Once again, Western media misunderstands China’s political system.
A recent commentary from The Sydney Morning Herald’s international editor, Peter Hartcher, described China (along with Islamic State and Russia) as “fascist,” sparking an angry response from China’s Foreign Ministry. Yet the piece likely sparked cheers among people with similar views. There’s no problem with being so straightforward, even as China celebrate the 70th anniversary of victory in the “World Anti-Fascist War.” But the logic behind this piece does not stand firm.
The article gives three defining characteristics of fascists to support its argument: authoritarianism, highly centralized power structures, and exalting the nation above the people.
Becoming authoritarian was not the inevitable path for China to stand as an independent, sovereign state after being forced open by the West. Why then is China’s political system this way? As Martin Jacques explains, China is a unique civilization-state, rather than a Western style nation-state. If people attempt to analyze China through a Western lens, there will always be problems. Criticizing China for its political reality, developmental model, and “non-cooperative” behavior is easy, but seeing and truly understanding the differences and divergences between civilizations is far more difficult — so much so that quite often people choose not to even try. Instead, they import a Western concept (in this case, fascism) to try and conceptualize a non-Western system.
Now, is China centralized? In general, yes — but how centralized? Actually, China is far less centralized than many outside observers assume. To cite one example: for years, fiscal decentralization between the central government and local provinces has played a critical role in the unbalanced flow of Foreign Direct Investment (FDI) into the Chinese market. This decentralization has had several readily observable consequences, including different levels of economic growth and green development among the various regions. In his 2012 book, Pierre F. Landry described China’s political system as “decentralized authoritarianism.”
As for the final point, the nation (and the family) has a uniquely important role in China’s contemporary political philosophy. But this is not new, much less an invention of the current regime. Reverence for authority, emphasis on leaders’ moral quality, and collectivism have all been rooted in China’s political culture for thousands of years and these concepts have had natural and inevitable impacts on contemporary Chinese politics. Yet somehow this has made China unpopular in the eyes of the West and some Western media.
To many in China, the West seems only interested in making demands on China. First, the West wanted a market, cheap labor, and raw materials. As China grew richer, the demands changed to calls for investment as well as Chinese participation, cooperation, and coordination on various regional and global issues. But still the West is not satisfied with China.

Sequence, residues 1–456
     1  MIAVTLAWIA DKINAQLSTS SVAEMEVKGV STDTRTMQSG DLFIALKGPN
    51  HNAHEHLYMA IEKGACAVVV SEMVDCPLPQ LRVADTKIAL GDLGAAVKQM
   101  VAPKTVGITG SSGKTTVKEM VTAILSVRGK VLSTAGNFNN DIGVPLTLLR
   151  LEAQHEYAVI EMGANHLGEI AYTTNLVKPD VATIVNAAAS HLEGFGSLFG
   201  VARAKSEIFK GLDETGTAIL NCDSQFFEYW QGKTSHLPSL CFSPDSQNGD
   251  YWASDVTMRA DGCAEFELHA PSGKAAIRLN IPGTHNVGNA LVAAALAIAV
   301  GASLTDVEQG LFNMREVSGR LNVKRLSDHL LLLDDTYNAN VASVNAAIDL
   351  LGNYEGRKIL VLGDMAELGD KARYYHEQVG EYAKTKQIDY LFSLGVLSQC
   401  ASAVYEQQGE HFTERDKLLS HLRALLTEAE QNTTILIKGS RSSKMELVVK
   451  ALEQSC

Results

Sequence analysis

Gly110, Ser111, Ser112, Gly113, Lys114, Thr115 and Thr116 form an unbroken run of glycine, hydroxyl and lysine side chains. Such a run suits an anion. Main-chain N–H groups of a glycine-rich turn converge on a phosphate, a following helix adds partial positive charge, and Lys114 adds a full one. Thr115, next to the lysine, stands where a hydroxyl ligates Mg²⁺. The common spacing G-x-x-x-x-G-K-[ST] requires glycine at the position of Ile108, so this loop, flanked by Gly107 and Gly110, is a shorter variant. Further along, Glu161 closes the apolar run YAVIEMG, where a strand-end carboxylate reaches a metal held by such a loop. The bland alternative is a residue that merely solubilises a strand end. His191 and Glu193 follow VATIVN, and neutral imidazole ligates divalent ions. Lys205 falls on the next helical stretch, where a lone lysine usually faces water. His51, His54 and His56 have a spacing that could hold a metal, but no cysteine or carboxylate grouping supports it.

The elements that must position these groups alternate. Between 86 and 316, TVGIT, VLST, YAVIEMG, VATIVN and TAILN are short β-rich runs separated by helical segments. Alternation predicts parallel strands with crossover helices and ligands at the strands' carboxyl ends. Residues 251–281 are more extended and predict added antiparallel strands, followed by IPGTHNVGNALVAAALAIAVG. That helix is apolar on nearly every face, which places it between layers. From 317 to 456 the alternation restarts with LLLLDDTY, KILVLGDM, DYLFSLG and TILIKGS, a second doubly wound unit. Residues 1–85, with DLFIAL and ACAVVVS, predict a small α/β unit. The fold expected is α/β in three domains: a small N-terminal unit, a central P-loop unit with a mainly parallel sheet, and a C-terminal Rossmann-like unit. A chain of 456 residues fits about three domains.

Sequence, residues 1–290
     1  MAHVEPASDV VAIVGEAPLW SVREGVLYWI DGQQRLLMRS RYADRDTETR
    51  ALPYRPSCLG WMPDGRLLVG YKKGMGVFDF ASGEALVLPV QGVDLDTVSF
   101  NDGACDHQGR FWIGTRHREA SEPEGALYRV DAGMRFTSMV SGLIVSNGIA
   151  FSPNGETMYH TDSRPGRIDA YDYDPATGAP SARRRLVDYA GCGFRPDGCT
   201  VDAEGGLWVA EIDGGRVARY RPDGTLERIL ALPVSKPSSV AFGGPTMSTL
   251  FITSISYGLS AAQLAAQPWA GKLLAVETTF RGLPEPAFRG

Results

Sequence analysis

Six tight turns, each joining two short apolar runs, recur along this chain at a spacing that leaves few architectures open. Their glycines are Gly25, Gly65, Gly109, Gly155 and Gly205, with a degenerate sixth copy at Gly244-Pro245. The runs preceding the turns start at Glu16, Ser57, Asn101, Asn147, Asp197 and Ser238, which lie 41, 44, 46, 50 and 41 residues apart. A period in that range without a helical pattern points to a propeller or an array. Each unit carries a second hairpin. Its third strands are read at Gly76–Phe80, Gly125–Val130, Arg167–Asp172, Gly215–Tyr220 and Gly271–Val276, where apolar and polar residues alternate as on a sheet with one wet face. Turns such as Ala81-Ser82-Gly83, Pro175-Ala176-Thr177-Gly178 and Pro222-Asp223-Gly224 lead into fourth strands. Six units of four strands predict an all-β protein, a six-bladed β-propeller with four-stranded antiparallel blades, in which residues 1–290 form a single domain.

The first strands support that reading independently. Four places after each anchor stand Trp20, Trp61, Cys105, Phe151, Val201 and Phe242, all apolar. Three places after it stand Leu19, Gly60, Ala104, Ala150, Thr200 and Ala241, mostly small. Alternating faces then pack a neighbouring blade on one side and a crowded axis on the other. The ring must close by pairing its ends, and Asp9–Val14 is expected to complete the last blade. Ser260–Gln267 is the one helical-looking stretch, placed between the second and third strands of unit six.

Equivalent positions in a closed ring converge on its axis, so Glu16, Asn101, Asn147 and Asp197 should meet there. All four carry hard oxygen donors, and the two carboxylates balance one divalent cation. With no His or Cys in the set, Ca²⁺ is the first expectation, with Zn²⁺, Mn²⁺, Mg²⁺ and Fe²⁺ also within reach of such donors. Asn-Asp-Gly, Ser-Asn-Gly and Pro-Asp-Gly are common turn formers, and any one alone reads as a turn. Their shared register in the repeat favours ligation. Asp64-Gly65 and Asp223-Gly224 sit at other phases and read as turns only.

It’s popular in the West to conceptualize state behaviors based on certain value judgments, particularly when evaluating the rise of China. Viewed through the prism of Western values (which are still dominant), China’s arguments and behavior on various issues, even when based on solid historical facts, are seen as pale and valueless.
This singular deductive approach hinges on one assumption: since China is different and does not behave as we want, it is wrong, evil, or even “fascist.” And if China is assumed to be “evil,” that implies that every single claim — be it territorial, political or ideological — by other parties against China must be righteous and lawful. This approach quite often fails (or simply refuses) to understand why China is different and how China has been changing in the past decades, both domestically and internationally.
China has benefited from the world order in the past decades. Meanwhile there are serious challenges for China to face, some of which are so significant that they could doom either China or the ruling regime if not successfully solved. We have seen change and progress, particularly taking into account the huge geographic, economic, and demographic divergences across the country. The progress to date is not enough and is arguably insignificant from a certain perspective. So changes and reforms in China, including the on-going anti-corruption campaign, will have to continue.
China is interwoven into the international community and unfortunately its rise inevitably has caused concerns across the region. China needs to seriously address these issues, including the possible negative impacts of its behaviors. But the world needs to understand as well that China is changing. The reforms will go on regardless of external critiques, urges, and pressures — even accusations of “fascism.”
— Jin Kai